The emotional effect of watching the player character die can be read in terms of Aristotle’s classical identification of the positive effects of tragedy upon the spectator. As Malcolm Heath relates in his Introduction to Aristotle’s The Poetics, “the relief that katharsis brings is pleasurable” (Heath xxxviii). Moreover, the greater the psychophysiological effect of the game, the greater the potential for positive cathartic release:

The kathartic effect applies to someone watching a tragedy only to the extent that his or her emotional status is disordered; the more prone someone is to feel excessive or inappropriate emotion, the more benefit he or she stands to devise from katharsis and (presumably) the more pleasure (Heath xl).

In facing the physiological effects of anxiety and fear through the immersive embodiment of gaming, the player can release emotional and mental tension and, in Aristotelian terms, be restored through this catharsis.


The experiential contrast to this rejuvenating response to death is the unavoidably scripted death. Most famously present in Final Fantasy VII, this mode removes all agency from the player and, in doing so, prevents the emotional investment that is necessary for gaming catharsis. The result is more usually frustration and anger, particularly when the death is evidence of ‘ludo-narrative dissonance’, that is, it works against the accepted rules of the established game world. It is no coincidence that this mode of representing death is most closely related to its literary predecessors and also the most controversial amongst gamers. An alternative narratological approach to death is the trope of the player character having to die/lose within the game in order to enable supernatural or cybernetic development (The Darkness, 2007; Metal Gear Rising: Revengeance, 2013).


Perhaps the most persuasive reading of the continuing appeal of virtual death would suggest that, rather than a cathartic release of emotions, the death of the avatar actively confirms the integral identity of the player. This existential deathsetics takes the necessary identification between player and avatar and reframes it within a violent assertion of self-definition. In what could be called the ‘Cain effect’ – named after the identification of the first murder as an integral moment of self-realisation through the death of the Other – the player undergoes the emotional experience of the character, and shares the frustration when progress is curtailed but, crucially, witnessing the player-character’s death does not involve a release of emotion but instead a confirmation of one’s own existence as a living being. This way of reading videogame deathsetics can be seen as an evolution of Huizinga’s celebration of play:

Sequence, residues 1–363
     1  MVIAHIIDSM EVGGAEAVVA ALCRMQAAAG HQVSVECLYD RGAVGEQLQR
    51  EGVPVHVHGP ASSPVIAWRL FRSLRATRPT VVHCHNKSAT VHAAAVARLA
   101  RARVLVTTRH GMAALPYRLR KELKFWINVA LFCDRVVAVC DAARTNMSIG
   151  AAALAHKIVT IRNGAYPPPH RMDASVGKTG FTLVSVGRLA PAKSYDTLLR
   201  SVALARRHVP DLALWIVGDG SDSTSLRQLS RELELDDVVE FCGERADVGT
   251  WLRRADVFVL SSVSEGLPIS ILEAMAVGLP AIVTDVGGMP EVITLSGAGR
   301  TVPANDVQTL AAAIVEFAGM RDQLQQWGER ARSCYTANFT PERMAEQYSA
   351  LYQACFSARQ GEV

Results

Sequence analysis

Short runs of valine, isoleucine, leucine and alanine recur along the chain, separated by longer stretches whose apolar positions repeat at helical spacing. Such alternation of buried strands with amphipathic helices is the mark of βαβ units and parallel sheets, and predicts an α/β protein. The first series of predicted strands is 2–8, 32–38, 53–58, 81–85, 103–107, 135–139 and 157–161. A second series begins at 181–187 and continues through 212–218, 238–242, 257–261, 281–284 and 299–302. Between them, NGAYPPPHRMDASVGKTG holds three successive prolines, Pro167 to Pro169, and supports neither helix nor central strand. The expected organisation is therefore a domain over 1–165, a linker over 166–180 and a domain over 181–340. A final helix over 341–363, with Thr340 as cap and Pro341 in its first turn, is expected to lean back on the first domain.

From the point of view of a world wholly determined by the operation of blind forces, play would be altogether superfluous. [...] The very existence of play continually confirms the supra-logical nature of the human situation. Animals play, so they must be more than mechanical things. We play and know that we play, so we must be more than merely rational beings, for play is irrational (22).

Play confirms our existence as sentient beings, and surviving the death of the in-game avatar elevates us from the chimerical being represented on the screen to an integral and, vitally, alive corporeal one. This effect is enabled by the uniquely immersive quality of a player’s interaction with the game world: